Online misinformation about the US election fell 73% after Trump's social media ban
Misinformationabout US election fraudfell 73% after President Trumpwas banned or restricted on social media, according to one analysis.
- Zignal Labs said conversations fell from from 2.5 million mentions to 688,000 across social media.
- Trump has peddled baseless claims that the US election was rigged thanks to mail ballots, and that he "won big."
Online misinformation about the US election fell by as much as 73% in the week after President Trump was booted from Twitter and other social media sites.
According to findings by Zignal Labs, conversations about election fraud fell from 2.5 million mentions to 688,000 across several social media sites. The research house looked at conversations that spanned fraud, hacked machines, tampered ballots, and other conspiracies.The data indicates that tech platforms' ability to restrict the spread falsehoods is an effective approach to containing misinformation online.
Trump was suspended from Facebook the following day and banned from Twitter on January 8. And Trump allies including former US Army lieutenant Michael Flynn, pro-Trump lawyer, Sidney Powell were also banned from Twitter. Ron Watkins, considered a key QAnon figure online, was likewise suspended.Zignal found that hashtags relating to the Capital riots fell dramatically during the week after these suspensions. Mentions of the hashtags #FightforTrump, #HoldTheLine, and the phrase "March for Trump" all fell around 95%.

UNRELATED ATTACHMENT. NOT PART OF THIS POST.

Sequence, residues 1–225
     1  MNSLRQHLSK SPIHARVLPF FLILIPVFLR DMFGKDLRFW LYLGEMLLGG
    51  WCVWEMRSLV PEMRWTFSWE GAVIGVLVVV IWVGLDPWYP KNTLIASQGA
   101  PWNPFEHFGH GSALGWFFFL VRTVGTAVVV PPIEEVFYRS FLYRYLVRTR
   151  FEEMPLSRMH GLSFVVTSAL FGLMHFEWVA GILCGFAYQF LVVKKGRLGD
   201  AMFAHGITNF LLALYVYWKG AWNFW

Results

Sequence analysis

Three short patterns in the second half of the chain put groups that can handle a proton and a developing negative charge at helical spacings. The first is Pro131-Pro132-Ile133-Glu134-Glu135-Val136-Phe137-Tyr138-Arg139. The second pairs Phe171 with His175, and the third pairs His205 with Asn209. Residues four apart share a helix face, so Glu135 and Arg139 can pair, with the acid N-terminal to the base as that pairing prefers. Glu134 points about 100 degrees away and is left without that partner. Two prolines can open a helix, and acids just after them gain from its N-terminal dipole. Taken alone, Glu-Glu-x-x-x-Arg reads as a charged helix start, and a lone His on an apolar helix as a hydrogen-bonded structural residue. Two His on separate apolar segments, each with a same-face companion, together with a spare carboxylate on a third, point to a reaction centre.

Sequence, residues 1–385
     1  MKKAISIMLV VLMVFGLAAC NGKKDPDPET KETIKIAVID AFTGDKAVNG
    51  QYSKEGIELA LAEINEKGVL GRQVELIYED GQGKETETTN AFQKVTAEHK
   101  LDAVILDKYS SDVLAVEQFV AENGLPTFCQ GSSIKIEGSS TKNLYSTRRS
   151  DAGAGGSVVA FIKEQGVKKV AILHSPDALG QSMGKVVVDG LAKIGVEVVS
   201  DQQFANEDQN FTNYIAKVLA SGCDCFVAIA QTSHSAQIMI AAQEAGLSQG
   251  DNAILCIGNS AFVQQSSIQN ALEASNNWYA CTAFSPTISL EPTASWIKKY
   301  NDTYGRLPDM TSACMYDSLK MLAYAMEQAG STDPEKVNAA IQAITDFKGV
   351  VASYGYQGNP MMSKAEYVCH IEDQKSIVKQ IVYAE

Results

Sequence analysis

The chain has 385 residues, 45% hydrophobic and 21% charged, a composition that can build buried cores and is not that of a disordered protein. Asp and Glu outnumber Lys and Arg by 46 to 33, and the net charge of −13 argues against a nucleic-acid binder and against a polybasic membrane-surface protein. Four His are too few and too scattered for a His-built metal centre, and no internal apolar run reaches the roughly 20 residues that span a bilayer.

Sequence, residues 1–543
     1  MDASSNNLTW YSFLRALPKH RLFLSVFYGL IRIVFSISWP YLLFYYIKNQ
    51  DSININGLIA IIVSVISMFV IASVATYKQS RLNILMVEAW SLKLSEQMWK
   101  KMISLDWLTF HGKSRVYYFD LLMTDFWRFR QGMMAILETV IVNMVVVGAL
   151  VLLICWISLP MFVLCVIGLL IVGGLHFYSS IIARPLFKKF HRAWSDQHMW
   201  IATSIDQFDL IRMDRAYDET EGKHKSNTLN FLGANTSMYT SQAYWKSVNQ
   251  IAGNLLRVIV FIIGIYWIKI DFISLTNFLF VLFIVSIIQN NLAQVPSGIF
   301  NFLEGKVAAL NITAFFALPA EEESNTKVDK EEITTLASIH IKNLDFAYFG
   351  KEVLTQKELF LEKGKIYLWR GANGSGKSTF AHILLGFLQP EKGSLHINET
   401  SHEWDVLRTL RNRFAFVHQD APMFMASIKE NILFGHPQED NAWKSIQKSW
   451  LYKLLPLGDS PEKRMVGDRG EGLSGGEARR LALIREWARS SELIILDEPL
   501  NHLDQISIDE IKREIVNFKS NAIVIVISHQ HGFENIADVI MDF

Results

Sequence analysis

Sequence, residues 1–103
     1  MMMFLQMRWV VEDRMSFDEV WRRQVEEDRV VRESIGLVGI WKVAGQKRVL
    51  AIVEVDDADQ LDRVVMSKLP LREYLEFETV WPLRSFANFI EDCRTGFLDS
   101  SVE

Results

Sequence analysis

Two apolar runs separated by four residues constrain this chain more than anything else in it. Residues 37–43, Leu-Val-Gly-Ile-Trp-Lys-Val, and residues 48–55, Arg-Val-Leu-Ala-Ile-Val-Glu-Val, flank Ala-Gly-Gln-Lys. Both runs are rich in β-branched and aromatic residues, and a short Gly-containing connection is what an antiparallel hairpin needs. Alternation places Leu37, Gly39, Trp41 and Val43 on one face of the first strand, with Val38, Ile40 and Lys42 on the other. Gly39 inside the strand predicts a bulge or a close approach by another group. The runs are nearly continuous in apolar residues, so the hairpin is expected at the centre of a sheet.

His tweets often went viral ahead of the election, despite Twitter slapping his messages with warning tags and click-through blocks.
Even as the election was called for President-elect Joe Biden on November 6, Trump continued to claim the election had been stolen.With a Biden administration inevitable, social media sites have finally taken widespread action against Trump and those peddling QAnon conspiracy theories.
After Trump was booted from Twitter and suspended from Facebook and YouTube, right-wingers flocked to alternative social network Parler. Its app was banned by both Apple and Google, and the service subsequently went offline after Amazon revoked its hosting services.
Trump, meanwhile, has yet to find an avenue as effective as his own Twitter account to blast out claims of election fraud. He attempted to switch to the official POTUS account, posted a video to official White House channels, and his campaign has sent out texts and email blasts.Darrell M. West, vice president of the Brookings thinktank, like other experts called this week for reform to
West wrote: "We need Section 230 reforms that impose accountability on social media sites."It doesn't have to be a complete elimination of the legal liability shield that insulates large tech platforms from lawsuits, but well-constructed guardrails that protect Americans from exhortations of violence and outright hate speech."
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